They've already de-facto achieved that by not mandating that custom OS's can be booted on Windows 8 supporting ARM devices, and between them and pressure from content owners wanting complicit OS's that don't run applications that do things they don't like I can only see that sort of thing progressing in the future.
Even windows secure boot doesn't provide protection against a targeted attack, but conceivably a combination of EFI secure boot and a bug-free well implemented OS (heh) could provide enough protection for DRM on video content, basic enterprise computing (with non-hostile users), etc.
I still think none of this crap really belongs on the client; it is however an awesome fit on the server, which is an area people haven't really explored enough.
Agreed. I remember reading an IBM research paper about combining TPM and virtualization on the server, and getting excited about the possibilities. I wonder what happened to that project.
EDIT: found it! http://domino.watson.ibm.com/library/cyberdig.nsf/papers/442...
Intel also had some demo stuff, but the problem is Intel's security software group was kind of a revolving door spinning at a 3-6 month rotational speed.
They need to make the value spread between pirate and legit as wide as possible, but rather than making better DRM (to make pirated sw less useful, but also make legit software less useful), IMO they should just focus on making legit software fundamentally more useful when legitimately licensed. I know Steam essentially got me to stop pirating games by integrating their social features, easy library management, etc. Mac App Store sort of does that for most Mac software, too. But there's also the issue of price point -- even if I bought every game I wanted, that's probably <$1000/yr. It's easy to consume >$1000/yr in movies/tv, music, and "internet content", and even easier to pirate, with less value on top of the raw content.
I would argue that all of the really hard problems in software development (and most technologies) are really hard because they are social in nature, and it is the social nature that makes them so hard.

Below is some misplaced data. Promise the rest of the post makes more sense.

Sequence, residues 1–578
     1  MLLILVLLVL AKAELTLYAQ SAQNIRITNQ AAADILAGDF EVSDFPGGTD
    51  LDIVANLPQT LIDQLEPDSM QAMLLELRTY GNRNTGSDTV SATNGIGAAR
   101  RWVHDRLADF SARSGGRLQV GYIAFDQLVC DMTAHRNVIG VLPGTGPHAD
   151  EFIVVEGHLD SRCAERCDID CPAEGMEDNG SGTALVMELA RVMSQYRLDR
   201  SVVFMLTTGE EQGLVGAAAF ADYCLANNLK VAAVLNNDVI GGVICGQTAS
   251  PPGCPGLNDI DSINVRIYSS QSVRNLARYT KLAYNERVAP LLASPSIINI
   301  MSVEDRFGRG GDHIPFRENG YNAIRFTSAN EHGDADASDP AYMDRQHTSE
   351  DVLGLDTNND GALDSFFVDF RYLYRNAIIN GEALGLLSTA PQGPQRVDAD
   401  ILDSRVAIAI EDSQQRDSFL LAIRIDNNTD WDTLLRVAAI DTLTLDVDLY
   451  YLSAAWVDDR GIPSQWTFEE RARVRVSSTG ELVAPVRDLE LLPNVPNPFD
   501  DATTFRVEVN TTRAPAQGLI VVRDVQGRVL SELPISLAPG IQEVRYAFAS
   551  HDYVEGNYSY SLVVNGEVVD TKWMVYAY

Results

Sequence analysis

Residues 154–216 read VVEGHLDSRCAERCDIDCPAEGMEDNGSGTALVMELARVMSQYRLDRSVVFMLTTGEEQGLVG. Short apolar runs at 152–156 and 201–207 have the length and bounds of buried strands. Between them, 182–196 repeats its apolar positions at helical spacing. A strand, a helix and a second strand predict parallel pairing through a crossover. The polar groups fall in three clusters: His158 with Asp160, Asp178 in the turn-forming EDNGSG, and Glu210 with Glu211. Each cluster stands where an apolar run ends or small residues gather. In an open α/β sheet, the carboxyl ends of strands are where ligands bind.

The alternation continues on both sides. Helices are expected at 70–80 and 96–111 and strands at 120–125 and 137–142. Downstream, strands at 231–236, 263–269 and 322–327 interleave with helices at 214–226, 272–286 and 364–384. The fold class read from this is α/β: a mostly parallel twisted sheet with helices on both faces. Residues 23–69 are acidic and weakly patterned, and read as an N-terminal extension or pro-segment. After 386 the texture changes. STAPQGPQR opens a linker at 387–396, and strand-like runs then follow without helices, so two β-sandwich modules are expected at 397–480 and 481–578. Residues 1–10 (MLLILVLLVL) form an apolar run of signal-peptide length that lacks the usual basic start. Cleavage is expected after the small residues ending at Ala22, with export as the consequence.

This is similar to the food production/distribution problem. We create enough food to feed the world, but, due to many geopolitical forces, we can't get the food to all the people that need it. No matter how good we get at growing and shipping food (the technical solution), there is some warlord somewhere who will steal it from his subjects (the social problem).
1. Not computer science. P==NP has nothing to do with Aunt Marge.
How many time zones are there in the world? How many will there be next year? Your NTP server needs to know.
How will you store humans' names that can't be expressed with the BMP alone? The iCloud servers need to know.
Is Taiwan a country? How about Kurdistan? Where are the borders of India? Google Maps needs to know.
There is plenty of software that won't have to deal with these problems ... but these problems can be huge headaches, and part of that is because of their nature as both social and technical problems.
Google Maps needing to know is the technical problem, sure. But representing borders is a reasonably solved technical problem. The social problem is people disagree about those things, and Google Maps representing that disagreement (if it can be represented at all) is a secondary concern to third-parties who just want to provide accurate maps. And there's nothing technical that can be done to solve that disagreement. You could very well provide localized Indian borders when viewing Google Maps (which is actually easier to do, and keep updated, with electronic maps than with print maps), or show the areas in dispute as being in dispute, but the issue is that the parties that disagree think everyone else should see it their way (thus the nature of disagreement).